Why 'Why Liberalism Failed' Fails
Patrick Deneen’s "Why Liberalism Failed" is an important book—and an important failure. It fails because its central idea is a grievous error. It is important because, despite this error, the book is taken seriously.
Here is Deneen’s thesis: “Liberalism has failed because liberalism has succeeded.”
His claim is that the political and cultural pathologies which bedevil America today are simply the result of the liberalism of the American Founders, in Deneen’s words, becoming “fully itself.” The classical liberalism of the Founders evolved into “the advanced liberalism” (Deneen’s term) of today. According to Deneen, today’s illiberal politics and cultural decadence can be traced directly to the Founders’ ideas.
There is no question that the classical liberalism of the Founders has been replaced to a great and ever-increasing extent by a new regime. The focus of classical liberalism was the theory and practice of liberty. Liberty meant, at the very least, limited government. According to the Founders, the reach of government must be necessarily limited in order to preserve the vast field of liberty reserved for the people. According to the “advanced” liberalism of LBJ and Nancy Pelosi, however, the powers of the federal government are virtually unlimited, certainly not limited by the Constitution, and not even limited by America's ability to fund their exactions. Deneen puts it this way:
“The liberal state expands to control nearly every aspect of life…”
But what he calls the liberal state is really the progressive state operating under a false flag.
At the beginning of the Progressive Era, American Progressives were quite open about their rejection of the classical liberalism of the Founders. Woodrow Wilson and his fellow Progressives set out to discredit the Founders’ philosophy of liberty and to dismantle the Constitution which embodies that philosophy. According to the Progressives, the Constitutional limits on the power of government the Founders had so carefully crafted were actually defects. Those limits hobbled government, preventing those in power from using government to change American society according to the progressive vision. The Progressives were determined to put government at the center of American life, and their success to date has meant the failure of the Founders’ idea of America.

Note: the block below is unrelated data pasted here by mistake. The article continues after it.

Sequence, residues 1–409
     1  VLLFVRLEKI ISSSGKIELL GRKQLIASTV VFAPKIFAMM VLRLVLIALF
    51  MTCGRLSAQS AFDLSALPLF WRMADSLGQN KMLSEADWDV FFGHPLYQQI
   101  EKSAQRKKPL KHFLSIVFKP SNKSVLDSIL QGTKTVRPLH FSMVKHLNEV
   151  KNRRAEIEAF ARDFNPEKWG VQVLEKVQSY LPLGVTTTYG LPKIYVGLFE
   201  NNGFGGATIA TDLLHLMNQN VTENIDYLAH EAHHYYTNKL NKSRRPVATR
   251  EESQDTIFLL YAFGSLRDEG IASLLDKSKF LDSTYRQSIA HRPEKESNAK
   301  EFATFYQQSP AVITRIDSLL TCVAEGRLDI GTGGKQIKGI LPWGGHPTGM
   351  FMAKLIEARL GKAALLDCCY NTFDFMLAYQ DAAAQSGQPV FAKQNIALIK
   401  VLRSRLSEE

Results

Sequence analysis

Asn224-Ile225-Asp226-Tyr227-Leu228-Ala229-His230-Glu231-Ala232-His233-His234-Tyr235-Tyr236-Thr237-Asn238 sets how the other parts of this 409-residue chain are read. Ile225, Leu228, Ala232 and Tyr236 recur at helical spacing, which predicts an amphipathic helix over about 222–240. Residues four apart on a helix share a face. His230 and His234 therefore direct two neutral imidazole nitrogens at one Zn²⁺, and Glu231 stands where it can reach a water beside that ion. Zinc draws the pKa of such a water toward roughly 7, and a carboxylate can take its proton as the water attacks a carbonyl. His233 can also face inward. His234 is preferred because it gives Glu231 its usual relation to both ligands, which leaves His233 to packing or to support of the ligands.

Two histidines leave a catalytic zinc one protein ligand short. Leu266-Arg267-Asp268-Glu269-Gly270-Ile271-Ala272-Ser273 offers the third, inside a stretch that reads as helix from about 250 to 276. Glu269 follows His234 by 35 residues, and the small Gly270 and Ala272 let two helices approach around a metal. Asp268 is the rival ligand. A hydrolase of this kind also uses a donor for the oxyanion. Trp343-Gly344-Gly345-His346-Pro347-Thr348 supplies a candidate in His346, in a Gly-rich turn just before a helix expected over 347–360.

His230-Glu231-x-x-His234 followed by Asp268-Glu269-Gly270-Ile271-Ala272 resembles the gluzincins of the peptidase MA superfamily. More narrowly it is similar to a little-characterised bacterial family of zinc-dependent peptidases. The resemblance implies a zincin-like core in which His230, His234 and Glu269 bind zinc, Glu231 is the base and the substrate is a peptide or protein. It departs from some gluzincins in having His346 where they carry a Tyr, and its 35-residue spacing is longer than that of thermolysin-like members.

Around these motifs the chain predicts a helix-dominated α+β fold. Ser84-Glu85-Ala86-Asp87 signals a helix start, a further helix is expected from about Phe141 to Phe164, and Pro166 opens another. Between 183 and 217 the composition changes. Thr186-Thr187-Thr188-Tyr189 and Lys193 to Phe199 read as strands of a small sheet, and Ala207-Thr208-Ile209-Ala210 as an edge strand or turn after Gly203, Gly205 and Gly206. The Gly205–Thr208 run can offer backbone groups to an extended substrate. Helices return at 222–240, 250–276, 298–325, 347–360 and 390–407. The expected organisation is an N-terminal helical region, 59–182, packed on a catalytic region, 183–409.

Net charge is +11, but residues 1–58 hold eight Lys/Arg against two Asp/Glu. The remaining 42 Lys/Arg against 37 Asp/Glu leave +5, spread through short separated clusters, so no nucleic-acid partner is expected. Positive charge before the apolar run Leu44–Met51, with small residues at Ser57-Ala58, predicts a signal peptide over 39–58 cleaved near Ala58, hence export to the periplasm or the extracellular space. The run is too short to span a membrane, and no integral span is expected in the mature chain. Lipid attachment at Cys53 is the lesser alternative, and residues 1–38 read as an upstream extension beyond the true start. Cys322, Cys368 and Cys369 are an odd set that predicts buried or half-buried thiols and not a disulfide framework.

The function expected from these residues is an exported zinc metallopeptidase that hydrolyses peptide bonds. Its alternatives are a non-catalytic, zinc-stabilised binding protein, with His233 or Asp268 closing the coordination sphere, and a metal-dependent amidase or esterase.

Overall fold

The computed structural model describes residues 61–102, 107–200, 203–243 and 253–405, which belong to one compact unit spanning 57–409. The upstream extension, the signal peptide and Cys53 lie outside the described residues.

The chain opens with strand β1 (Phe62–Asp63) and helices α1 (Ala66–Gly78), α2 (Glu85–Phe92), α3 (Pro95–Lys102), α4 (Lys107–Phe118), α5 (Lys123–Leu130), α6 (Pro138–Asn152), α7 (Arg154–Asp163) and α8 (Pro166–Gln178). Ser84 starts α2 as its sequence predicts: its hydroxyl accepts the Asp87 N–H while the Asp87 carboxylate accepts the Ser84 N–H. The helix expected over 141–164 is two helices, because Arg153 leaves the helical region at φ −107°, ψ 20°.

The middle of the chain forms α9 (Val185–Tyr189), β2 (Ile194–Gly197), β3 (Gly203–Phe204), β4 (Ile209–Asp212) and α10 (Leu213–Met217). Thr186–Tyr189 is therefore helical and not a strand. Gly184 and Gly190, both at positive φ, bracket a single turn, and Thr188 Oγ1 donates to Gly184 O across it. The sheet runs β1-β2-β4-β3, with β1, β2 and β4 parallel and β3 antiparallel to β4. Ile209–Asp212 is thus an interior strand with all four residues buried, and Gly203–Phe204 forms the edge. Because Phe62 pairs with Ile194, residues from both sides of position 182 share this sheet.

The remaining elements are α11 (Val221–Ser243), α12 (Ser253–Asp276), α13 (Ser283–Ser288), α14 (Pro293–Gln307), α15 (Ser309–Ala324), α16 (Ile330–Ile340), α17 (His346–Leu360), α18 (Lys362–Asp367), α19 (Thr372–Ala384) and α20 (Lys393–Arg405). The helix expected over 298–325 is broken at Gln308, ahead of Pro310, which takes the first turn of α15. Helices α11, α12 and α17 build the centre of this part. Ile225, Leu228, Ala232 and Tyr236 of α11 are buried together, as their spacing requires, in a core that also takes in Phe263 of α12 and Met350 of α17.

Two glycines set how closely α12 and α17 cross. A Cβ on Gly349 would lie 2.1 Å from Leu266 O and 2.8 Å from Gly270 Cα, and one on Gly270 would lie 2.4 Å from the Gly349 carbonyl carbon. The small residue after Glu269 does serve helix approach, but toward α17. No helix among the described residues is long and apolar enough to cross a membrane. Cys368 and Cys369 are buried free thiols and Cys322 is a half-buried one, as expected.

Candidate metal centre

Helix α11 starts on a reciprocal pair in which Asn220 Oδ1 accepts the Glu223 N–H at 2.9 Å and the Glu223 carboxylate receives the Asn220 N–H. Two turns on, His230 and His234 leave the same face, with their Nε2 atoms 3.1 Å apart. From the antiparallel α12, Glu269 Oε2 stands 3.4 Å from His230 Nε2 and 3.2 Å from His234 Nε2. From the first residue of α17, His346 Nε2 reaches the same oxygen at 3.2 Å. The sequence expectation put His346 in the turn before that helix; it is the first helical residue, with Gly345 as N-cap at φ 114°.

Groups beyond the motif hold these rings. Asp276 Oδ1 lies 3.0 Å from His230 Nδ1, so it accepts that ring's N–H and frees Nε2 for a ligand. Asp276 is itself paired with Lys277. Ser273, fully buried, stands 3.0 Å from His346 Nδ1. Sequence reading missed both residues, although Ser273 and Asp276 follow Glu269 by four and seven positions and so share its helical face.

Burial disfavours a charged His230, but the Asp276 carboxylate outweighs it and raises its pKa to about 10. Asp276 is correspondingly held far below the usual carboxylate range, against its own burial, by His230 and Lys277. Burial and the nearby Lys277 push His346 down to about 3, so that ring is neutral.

It was Franklin Delano Roosevelt who stole the name of liberalism for the Progressives. FDR was a proud Progressive who had served in the Wilson administration, but he was elected in a time when the American people recoiled from Wilson’s progressivism. FDR realized it was time for a name change—and what a change it was. Nowhere is FDR’s genius for politics more evident than in his decision and his brilliant campaign to re-name progressivism as liberalism. A lesser politician could never have gotten away with it.
Think of it: FDR stole the label of the philosophy of liberty and bestowed it on the party of the state, the self-proclaimed political enemies of classical liberalism and of limited government. For the Democrats, the benefits were enormous. FDR managed to completely change the meaning of a word and to transform American political discourse with an impact stretching to our own time.
It is thanks to FDR that Deneen gets to use one term—“liberalism”—to describe the Founders’ ideas and the ideas of the Progressives who explicitly rejected the Founders. But the liberalism of the Founders and the illiberalism of the Progressives are opposites.
So, we should reinterpret Deneen’s thesis this way: Classical liberalism has failed because progressivism has succeeded.
Deneen presents “Liberalism has failed because liberalism has succeeded” as a deep truth in the form of a paradox. The apparent paradox disappears when its central error is exposed.
But we have not yet gotten to the reason ?Why Liberalism Failed" is an important book. It is important because of what it reveals about our forgetting of the ideas of the Founders. It is because our forgetting is so widespread and so very far advanced today that a mistake of this kind and this magnitude can go largely undetected. There was a time not so long ago when the ideas of the Founders were better remembered and more generally understood. Mistakes like this one would once have been quite unlikely and, if made, quickly recognized.
Robert Curry is the author of "Common Sense Nation: Unlocking the Forgotten Power of the American Idea” and "Reclaiming Common Sense: Finding Truth in a Post-Truth World”, just published by Encounter Books.